Unfortunately I have no pics, perhaps others can provide. Anyway description follows- Think of it as a “seated” upright row. I sit facing the cable on the floor, or floor-level bench, with my legs slightly bent (no more than 30 degrees) and shoulder width apart. Legs are held fixed and firm in this position, and as little leg movement is incorporated into the movement as possible. The distance from your shoulder to the cable should be slightly longer than the length of your arms, and THIS is where the lean-component comes in. You DO start the exercise with a forward torso lean. However the mistake subsequently made is to first-off lean BACK with the torso, hence introducing whole body momentum, BEFORE using the back muscles. The trick I think, is to forcefully and consciously squeeze the lats at the beginning of the rep whilst still leaning slightly forward. This will ensure it is BACK work alone that is performing the hardest part of the exercise the start and initial pull. It will also ensure that the back stays arched, vs becomes rounded- once the round is there, it will stay, and your back development goes out the window. Once under way, the torso NEEDS to lean back SLIGHTLY to ensure the arms can follow through to the strongest part of the movement (the full contraction). However IMO you should NOT lean back further than perpendicular to the ground, and at all times, your back should be arched, not rounded (lats squeezed!).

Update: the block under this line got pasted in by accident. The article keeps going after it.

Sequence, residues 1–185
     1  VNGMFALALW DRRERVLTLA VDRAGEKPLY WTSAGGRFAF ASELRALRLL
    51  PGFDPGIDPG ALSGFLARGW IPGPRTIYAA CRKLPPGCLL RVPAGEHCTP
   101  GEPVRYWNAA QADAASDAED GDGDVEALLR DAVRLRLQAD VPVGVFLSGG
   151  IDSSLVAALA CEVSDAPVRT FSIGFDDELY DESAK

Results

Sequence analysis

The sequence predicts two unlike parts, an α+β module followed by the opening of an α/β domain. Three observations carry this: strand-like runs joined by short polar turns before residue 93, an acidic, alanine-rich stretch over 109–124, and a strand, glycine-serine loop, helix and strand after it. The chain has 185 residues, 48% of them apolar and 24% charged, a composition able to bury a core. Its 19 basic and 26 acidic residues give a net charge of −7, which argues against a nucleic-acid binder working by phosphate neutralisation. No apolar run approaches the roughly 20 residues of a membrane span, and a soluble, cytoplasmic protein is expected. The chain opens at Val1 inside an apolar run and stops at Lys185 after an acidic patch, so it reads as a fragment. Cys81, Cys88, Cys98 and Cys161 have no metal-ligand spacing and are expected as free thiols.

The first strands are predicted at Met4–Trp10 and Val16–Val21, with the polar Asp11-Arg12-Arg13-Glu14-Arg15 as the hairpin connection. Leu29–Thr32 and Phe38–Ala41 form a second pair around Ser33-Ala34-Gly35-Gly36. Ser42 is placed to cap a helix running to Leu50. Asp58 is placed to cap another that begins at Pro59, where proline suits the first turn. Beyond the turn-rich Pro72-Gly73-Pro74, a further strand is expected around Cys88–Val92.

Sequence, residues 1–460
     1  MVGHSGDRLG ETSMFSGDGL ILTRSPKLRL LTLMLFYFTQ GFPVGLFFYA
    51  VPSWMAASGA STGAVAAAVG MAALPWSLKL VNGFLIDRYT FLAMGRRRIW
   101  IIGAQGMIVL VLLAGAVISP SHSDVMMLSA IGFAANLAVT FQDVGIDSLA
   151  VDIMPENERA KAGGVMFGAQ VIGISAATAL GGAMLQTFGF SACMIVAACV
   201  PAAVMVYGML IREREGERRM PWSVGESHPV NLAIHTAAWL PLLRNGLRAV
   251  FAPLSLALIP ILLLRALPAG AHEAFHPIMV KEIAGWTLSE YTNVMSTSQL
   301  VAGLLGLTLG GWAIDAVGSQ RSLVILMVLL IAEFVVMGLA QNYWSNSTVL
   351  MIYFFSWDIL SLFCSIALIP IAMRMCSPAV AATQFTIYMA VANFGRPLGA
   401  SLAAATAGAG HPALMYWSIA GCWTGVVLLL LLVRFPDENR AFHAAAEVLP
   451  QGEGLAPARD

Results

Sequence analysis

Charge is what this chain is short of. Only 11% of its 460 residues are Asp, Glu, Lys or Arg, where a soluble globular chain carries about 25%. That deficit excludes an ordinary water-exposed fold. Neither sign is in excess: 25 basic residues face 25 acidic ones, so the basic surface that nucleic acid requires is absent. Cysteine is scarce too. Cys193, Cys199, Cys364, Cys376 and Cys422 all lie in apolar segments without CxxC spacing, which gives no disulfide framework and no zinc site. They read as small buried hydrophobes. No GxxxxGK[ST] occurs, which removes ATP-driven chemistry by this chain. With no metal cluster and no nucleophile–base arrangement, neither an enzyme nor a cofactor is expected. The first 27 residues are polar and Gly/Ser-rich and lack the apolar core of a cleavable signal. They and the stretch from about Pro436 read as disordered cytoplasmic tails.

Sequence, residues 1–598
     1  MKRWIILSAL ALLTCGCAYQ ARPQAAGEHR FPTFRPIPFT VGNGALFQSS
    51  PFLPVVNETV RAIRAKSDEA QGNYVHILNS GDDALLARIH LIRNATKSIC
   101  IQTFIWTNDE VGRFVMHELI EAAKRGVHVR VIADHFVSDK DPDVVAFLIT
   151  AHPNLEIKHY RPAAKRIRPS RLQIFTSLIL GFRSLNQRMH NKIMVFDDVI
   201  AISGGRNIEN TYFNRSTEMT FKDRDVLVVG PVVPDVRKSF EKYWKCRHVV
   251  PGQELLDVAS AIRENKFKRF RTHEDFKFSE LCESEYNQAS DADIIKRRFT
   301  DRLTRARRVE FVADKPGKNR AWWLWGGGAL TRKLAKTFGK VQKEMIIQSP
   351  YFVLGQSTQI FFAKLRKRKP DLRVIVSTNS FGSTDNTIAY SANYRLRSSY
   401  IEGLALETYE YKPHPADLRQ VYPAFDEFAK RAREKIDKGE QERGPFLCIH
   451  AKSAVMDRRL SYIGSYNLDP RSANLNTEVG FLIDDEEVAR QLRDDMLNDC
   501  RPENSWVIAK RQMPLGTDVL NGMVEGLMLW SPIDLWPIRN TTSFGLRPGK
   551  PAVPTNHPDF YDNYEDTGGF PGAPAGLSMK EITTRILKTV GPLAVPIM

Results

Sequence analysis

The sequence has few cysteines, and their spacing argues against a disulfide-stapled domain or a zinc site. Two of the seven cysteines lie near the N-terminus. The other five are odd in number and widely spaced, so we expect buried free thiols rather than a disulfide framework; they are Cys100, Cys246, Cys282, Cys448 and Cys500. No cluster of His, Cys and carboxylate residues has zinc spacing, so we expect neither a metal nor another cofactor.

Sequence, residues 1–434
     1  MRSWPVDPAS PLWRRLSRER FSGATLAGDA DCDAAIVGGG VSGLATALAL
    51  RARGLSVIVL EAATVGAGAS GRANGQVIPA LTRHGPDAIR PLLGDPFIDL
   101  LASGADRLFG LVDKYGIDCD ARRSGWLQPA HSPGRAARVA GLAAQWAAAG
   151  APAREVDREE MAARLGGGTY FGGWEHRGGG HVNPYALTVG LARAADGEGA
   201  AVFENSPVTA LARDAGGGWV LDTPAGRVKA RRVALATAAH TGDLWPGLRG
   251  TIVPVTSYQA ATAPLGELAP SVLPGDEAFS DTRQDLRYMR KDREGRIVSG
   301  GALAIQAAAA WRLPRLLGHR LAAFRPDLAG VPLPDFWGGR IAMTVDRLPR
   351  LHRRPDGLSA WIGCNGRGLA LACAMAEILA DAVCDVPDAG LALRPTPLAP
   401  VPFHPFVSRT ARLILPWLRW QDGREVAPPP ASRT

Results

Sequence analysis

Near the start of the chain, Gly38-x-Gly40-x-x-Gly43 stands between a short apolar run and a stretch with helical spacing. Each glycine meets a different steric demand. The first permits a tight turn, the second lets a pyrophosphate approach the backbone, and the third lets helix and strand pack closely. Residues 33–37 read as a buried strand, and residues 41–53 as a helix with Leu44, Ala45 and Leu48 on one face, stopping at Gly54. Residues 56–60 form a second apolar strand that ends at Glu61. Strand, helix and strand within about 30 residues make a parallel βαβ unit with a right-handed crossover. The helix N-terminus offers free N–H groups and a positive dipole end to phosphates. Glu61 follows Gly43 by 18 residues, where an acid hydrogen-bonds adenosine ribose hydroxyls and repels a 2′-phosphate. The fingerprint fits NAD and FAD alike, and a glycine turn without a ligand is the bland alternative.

This question interests me bacause a few years ago I greatly prided myself in being able to pull the whole stack in my old gym, PLUS a few 20lb dumbells precariously balanced on top. It was only when I saw myself in the mirror one day side-on (in a gym I didn’t normally train in), that I realised that I looked more like one of those crazy guys in mental institutions rocking back and forward in their chairs, than a controlled athlete. Needless to say I went back to basics- I don’t lift so much now, but I still “feel” the exercise much more. Hope this helps. SRS

Thanks. The Lat’s Get Cookin link above has pictures, but is essentially what you describe not to do. I’ll try your way next back day.